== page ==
Religion Book Reviews (page 174)

Released: March 8, 1993

"This should crack a few test tubes."
A withering indictment of modern science by, of all people, the science-and-philosophy columnist of The Sunday Times of London. Read full book review >
Released: March 1, 1993

"That wholesome, simple tone informs this entire book—a straightforward, sincere, skillfully spliced slice-of-Christian-life."
Warm account of a year in the life of St. Read full book review >

Released: Feb. 22, 1993

"EWSLUGD: the best in adventure-scholarship. (Photos—not seen.)"
A haunting history-cum-travelogue, as Parfitt (Hebrew & Jewish Studies/Univ. of London) sleuths out the claims of the Lemba of South Africa, a black people who believe themselves to be the legendary lost tribe of Israel. Read full book review >
Released: Feb. 22, 1993

Close on the heels of Richard John Neuhaus's Doing Well and Doing Good (p. 970) and George Weigel's The Final Revolution (p. 1247): yet another neoconservative study of Catholic teachings on economic freedom and social justice. Read full book review >
Released: Feb. 17, 1993

"This book, as he hopes, repays the debt—not least by showing that Jewish-Christian dialogue can move beyond bitterness into mature, substantive debate."
Immensely daring work by Neusner, rabbi and author of more than 400 books on Judaism (The Death and Birth of Judaism, 1987, etc.), as he projects himself back to first-century Israel to argue with Jesus. Read full book review >

Released: Feb. 17, 1993

"But her singular conversion is memorable, as is her vivid description of Jewish Orthodoxy in all its severity and majesty."
The emotional autobiography of a woman whose religious odyssey begins in Orthodox Judaism and ends in Roman Catholicism. Read full book review >
Released: Feb. 17, 1993

"The legacy of Martin Luther King in all its glory, and more proof that the struggle for social justice may have religion at its core."
Freedman (Journalism/Columbia), author of the acclaimed Small Victories (1990), about the tribulations of an N.Y.C. English teacher, turns his attention to a Brooklyn minister and his can-do church—with riveting results. Read full book review >
LONG QUIET HIGHWAY by Natalie Goldberg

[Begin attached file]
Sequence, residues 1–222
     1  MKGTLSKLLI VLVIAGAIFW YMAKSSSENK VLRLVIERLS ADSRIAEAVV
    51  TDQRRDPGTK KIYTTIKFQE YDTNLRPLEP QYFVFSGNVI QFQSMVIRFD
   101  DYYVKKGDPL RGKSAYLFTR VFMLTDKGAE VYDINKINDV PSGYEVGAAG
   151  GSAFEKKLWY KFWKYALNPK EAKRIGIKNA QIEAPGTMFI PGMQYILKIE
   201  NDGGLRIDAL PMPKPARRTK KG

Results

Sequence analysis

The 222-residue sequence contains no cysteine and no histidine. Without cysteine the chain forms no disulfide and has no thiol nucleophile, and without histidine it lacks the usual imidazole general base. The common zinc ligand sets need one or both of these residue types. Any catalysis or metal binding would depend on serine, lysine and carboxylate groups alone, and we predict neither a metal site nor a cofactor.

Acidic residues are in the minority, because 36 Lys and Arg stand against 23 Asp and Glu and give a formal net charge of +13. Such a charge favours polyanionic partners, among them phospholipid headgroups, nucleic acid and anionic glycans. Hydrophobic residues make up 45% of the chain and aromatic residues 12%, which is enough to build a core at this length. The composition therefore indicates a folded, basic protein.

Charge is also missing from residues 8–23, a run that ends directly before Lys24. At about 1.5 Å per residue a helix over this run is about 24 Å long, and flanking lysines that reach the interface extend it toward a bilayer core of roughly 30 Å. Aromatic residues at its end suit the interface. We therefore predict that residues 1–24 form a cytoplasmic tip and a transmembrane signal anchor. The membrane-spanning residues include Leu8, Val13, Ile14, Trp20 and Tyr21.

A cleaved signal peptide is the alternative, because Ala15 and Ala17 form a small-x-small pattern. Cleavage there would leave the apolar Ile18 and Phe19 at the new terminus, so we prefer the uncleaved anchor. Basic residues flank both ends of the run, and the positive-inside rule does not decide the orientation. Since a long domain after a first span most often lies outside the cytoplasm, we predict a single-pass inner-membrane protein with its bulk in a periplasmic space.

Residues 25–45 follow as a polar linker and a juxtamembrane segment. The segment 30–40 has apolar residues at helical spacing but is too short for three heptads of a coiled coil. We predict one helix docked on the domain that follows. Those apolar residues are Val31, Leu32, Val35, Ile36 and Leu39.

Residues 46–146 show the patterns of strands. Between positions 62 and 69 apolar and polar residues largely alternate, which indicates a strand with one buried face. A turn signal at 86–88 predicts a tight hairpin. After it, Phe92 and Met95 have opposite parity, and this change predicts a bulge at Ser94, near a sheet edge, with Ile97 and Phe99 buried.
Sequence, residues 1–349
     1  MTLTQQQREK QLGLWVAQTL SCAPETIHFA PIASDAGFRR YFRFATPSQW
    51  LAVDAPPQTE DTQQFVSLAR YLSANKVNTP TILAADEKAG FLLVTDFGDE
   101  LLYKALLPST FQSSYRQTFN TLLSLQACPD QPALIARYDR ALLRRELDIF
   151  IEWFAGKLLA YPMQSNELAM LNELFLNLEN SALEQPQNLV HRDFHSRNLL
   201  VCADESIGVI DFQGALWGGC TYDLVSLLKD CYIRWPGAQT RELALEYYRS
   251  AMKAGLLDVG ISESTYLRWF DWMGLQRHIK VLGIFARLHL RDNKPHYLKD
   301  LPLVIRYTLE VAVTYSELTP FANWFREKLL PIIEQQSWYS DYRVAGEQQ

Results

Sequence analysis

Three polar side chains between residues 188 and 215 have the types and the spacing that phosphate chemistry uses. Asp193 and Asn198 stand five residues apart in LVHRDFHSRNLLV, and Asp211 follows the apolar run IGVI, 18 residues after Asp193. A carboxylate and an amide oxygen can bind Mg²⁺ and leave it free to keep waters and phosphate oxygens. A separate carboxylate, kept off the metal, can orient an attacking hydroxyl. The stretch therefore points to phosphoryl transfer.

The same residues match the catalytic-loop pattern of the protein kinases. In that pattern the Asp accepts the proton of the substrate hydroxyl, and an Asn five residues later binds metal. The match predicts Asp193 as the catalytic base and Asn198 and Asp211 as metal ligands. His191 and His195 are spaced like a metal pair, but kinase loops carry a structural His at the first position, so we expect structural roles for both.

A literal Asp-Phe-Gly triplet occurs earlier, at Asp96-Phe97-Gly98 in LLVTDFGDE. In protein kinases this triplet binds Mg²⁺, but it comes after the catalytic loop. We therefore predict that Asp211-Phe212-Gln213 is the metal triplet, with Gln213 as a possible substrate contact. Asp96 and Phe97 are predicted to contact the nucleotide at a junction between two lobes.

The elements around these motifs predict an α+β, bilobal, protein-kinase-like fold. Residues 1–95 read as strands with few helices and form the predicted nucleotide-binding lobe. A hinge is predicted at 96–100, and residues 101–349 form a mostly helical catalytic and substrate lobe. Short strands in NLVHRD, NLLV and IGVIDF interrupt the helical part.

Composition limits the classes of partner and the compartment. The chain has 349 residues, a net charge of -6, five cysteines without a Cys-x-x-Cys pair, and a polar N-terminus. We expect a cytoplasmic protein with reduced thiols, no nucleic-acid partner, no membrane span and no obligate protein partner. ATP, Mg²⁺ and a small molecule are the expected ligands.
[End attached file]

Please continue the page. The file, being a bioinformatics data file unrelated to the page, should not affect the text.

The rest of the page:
Released: Feb. 15, 1993

Goldberg, author of two popular Zen-inspired writing guides (Wild Mind, 1990; Writing Down the Bones, 1986), tells in simple, dead-honest prose the story of her ``awakening'' to writing and to life. ``Americans,'' Goldberg says, ``see writing as a way to break through their own inertia and become awake, to connect with their deepest selves.'' This way works, she insists, but ``it is hard. Read full book review >
Released: Feb. 1, 1993

"Masson eloquently portrays the pretense and vanity of a would- be spiritual teacher, but it seems that he doth protest too much- -and, not for the first time, his words come off as more arrogant than wise."
In Final Analysis (1990), Masson attacked those who trained him as a psychoanalyst. Read full book review >
Released: Jan. 20, 1993

"Imperative reading for all concerned with bias crimes and the temptation to fight arson with arson. (Eight pages of b&w photographs—not seen.)"
The full story of the KKK's bombing of Jewish targets in the late 60's, and of the effective but illegal measures taken by the FBI to stop the violence. Read full book review >
Released: Jan. 15, 1993

"Women Who Run With the Wolves will feel comfortable with Leonard's sense of women as nature's exiles, her use of myth and dreams for elaboration, and her validation of feminine mystery."
A vigorous exploration by Jungian analyst Leonard (The Wounded Woman, 1982, etc.—not reviewed) of the ``Madwoman'' archetype, an unsettling image whose negative energy, she suggests, must be recognized and rechanneled as a positive force. Read full book review >
MEMORY FIELDS by Shlomo Breznitz
Released: Jan. 7, 1993

"Likely to be a classic of Holocaust literature: not to be missed."
By authority of his excellent prose, discomfiting honesty, risky form, and shattering fidelity to the traps of remembering the nearly unbearable, Breznitz has produced a Holocaust memoir that stands with the best of them. Read full book review >
Kirkus Interview
Fatima Bhutto
April 14, 2015

Set during the American invasion of Afghanistan, Fatima Bhutto’s debut novel The Shadow of the Crescent Moon begins and ends one rain-swept Friday morning in Mir Ali, a small town in Pakistan’s Tribal Areas close to the Afghan border. Three brothers meet for breakfast. Soon after, the eldest, Aman Erum, recently returned from America, hails a taxi to the local mosque. Sikandar, a doctor, drives to the hospital where he works, but must first stop to collect his troubled wife, who has not joined the family that morning. No one knows where Mina goes these days. But when, later in the morning, the two are taken hostage by members of the Taliban, Mina will prove to be stronger than anyone could have imagined. Our reviewer writes that The Shadow of the Crescent Moon is “a timely, earnest portrait of a family torn apart by the machinations of other people’s war games and desperately trying to survive.” View video >